Hunting for the Perfect Pecel in Madiun

Hunting for the Perfect Pecel in Madiun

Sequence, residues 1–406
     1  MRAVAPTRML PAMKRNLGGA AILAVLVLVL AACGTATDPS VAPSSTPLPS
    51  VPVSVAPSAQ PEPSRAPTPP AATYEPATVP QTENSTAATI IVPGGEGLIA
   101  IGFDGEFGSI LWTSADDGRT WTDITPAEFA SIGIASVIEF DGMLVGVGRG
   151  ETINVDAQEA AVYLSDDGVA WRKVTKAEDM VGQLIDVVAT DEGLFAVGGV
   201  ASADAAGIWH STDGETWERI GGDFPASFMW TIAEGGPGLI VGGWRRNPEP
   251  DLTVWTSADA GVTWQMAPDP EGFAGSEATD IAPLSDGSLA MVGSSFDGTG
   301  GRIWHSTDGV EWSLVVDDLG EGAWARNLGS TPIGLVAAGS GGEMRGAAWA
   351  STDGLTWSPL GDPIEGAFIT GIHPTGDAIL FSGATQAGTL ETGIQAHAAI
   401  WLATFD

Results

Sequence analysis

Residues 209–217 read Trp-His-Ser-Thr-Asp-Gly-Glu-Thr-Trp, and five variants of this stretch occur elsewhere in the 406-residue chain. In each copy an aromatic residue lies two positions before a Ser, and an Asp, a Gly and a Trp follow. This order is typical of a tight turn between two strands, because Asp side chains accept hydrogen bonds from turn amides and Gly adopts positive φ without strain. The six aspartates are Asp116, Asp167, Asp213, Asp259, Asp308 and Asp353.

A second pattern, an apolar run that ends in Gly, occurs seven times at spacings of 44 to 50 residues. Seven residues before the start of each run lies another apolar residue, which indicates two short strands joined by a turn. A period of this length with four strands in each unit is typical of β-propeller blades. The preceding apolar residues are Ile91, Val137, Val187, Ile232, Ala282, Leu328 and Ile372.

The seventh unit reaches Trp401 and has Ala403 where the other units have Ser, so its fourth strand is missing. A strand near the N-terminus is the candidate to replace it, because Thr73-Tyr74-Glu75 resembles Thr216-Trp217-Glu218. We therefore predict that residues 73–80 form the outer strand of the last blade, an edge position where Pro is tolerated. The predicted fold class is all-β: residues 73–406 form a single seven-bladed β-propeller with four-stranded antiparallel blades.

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As the train rolls into the station in Madiun, East Java, a cacophony of shouts erupts from the vendors on the platform: “Pecel, pecel, pecel Madiuuuun …” They balance plastic baskets full of banana-leaf-wrapped bundles on their shoulders and cluster around the open train doors. I buy a packet as I disembark, the first of many portions of nasi pecel in the coming 24 hours. Madiun lies in the basin of flat green land between the towering Lawu and Wilis volcanoes, and few travelers stop off here. But for many Indonesians, mention of Madiun brings only one thing to mind: Pecel, for this is the home of this quintessential East Java dish, and I am here on a culinary pilgrimage to seek out the very best. The key component of pecel is a spicy sauce made from a paste of peanuts, red palm sugar, lime leaves, chili, tamarind, garlic, and any number of secret extra ingredients. A good pecel sauce manages to be sweet, sour, creamy and spicy, all at the same time. It is served over rice and fresh greens, and topped with peyek, crispy crackers studded with peanuts or anchovies. Several towns claim pecel as their own, such as Ponorogo, Blitar and even Klaten in Central Java. But as the banners above street-side stalls all over Java make clear, Madiun is the one true pecel capital. The train station vendor’s pecel isn’t the best, but it’s enough to whet my appetite. Outside the station gates, I ask a becak driver to take me to the best pecel in town. His choice, Depot Bu Wo, is hardly controversial, and is a locale that I was already familiar with from both friends and Internet searches. Depot Bu Wo is a simple building with an open facade marked by a flapping yellow banner on Jalan S. Parman, across the street from Madiun’s branch of the French hypermarket chain Carrefour. I tell the staff that I’m hunting Madiun’s best pecel, and they say I’ve come to the right place: “There isn’t anywhere else; we’ve been on television!” Bu Wo herself, a chain-smoking 65-year-old matriarch who’s been selling nasi pecel for 40 years, is a woman of few words. When I ask what the secret of her success is, she snorts and flicks her cigarette. “It’s a secret.” It’s time to test the wares. The pecel comes served in a basket of pinned banana leaves with two kinds of peyek and a selection of greens. The sauce is creamy and sweet, and the peyek suitably crispy. But as a true pecel aficionado, I’m somewhat underwhelmed. The flavors are a little flat, and the greens could be fresher. I’m too intimidated by Bu Wo to tell her, however. My second stop stands right next door in an identical open-fronted warung, another suggestion from a friend. Mbak Yayuk is a younger upstart snapping at Bu Wo’s venerable heels. The eponymous Mbak Yayuk herself is not on duty, but the two women in charge, Narti and Wati, are delighted to hear of my search, and dish me up a prime portion. The price is the same as next door, and my pecel and iced tea comes in at a princely Rp 6,000 (70 cents). Once I’ve eaten, they ask for my verdict, and with Bu Wo in earshot, I have to whisper it: Mbak Yayuk ’s pecel gets my vote. The sauce here has a cleaner, fresher taste, and a spicier kick from the chili. And the peyek is perfect — rumpled leafs of crispiness with a salty, oily taste. After three portions of pecel I’m beginning to feel a little full, so I lumber off to take a look at the town. Between the ubiquitous concrete shop fronts, I spot fine old Dutch-era villas with crumbling dormer windows and mildewed roofs. I check into a guesthouse near the station and quickly resume my mission, querying the receptionist for his personal pecel recommendation. He sends me in the direction of the alun-alun, the town square, to visit Mbak Lina. The sun has set, and the sky behind the minarets of Madiun’s blue-tiled Grand Mosque is smeared with fiery light. The palm-studded alun-alun is busy with courting teenagers and gamboling children. I ask a parking attendant for directions to Mbak Lina, and he points me to the northern side of the square. But he’s not convinced of the quality of her pecel. “To be honest, it’s just standard. The really delicious one is Pecel Rahayu on Jalan Haji Agus Salim,” he says. But I’m duty bound to make the rounds. Mbak Lina herself, a cheerful woman with cropped hair, presides over a low table loaded with pecel add-ons including fried eggs and hunks of chicken and bean curd. She’s doing a roaring trade, but I’m inclined to agree with the parking attendant. Her pecel is decent enough, but nothing special. Deciding that four portions of pecel is enough for one day, I walk back to the guesthouse and fall into a heavy sleep, full of peanut-flavored dreams. Pecel can be eaten at any time of day, but it is particularly popular as a breakfast food. The next morning there are stalls open all over town, with office workers and students hunched over plates of pecel to start their day. On Jalan Agus Salim, however, neither Pecel Rahayu, nor another recommended spot, Pecel Murni, is open for business. I head instead to a souvenir shop to pick up some packs of pecel spice. The sauce is made by pounding the various ingredients into a thick, sticky paste that is let down with warm water. I ask the checkout girl to suggest a place for breakfast pecel, and she sends me to a spot called Warung Pojok. If I ever want to get out of Madiun, I need to stop asking random strangers where to find the best pecel. Everyone, it seems, has their own personal favorite. Warung Pojok, however, turns out to be a good call. It’s a little corner cafe with pale blue walls on Jalan Cokroaminoto, and has been in business since 1967. The breakfast rush is over, and the staff are watching television. There’s a choice of “spicy” or “medium,” and this early in the day, I go for the softer option. It’s fresh and creamy, and I can taste the lime leaf and tamarind. One point counts against it, however: The peyek (which turns out to be very average) is not included with the meal and has to be bought separately. I promised the staff at both Bu Wo and Mbak Yayuk that I would report back when my journey was over. I am beginning to feel like I’m drowning in peanut sauce by now, and can only manage a half-portion at both places. Bu Wo is in a cheerier mood and asks for my verdict. Yesterday, I was convinced that Mbak Yayuk had the edge, but now I’m not so sure. The sweet creaminess of Bu Wo’s sauce seems better suited to the morning. Bu Wo takes this pragmatically, as do her neighbors. “If you want spicy, come to us,” says Wati, who’s busy frying peyek in Warung Mbak Yayuk. “If you want sweet, go to Bu Wo.” And I think she’s right. These two neighboring warungs are, in the end, the twin queens of pecel Madiun. I bid the pecel ladies goodbye, clamber into a becak (no doubt heavier than I was 24 hours ago) and head for the station, feeling like I never want to see another portion of pecel in my life. The vendors are waiting for the incoming train in the shade of the platform. “Pecel Madiun, mister?” they ask. I pause for a moment, and then reach for my wallet: I might get hungry on the journey, after all.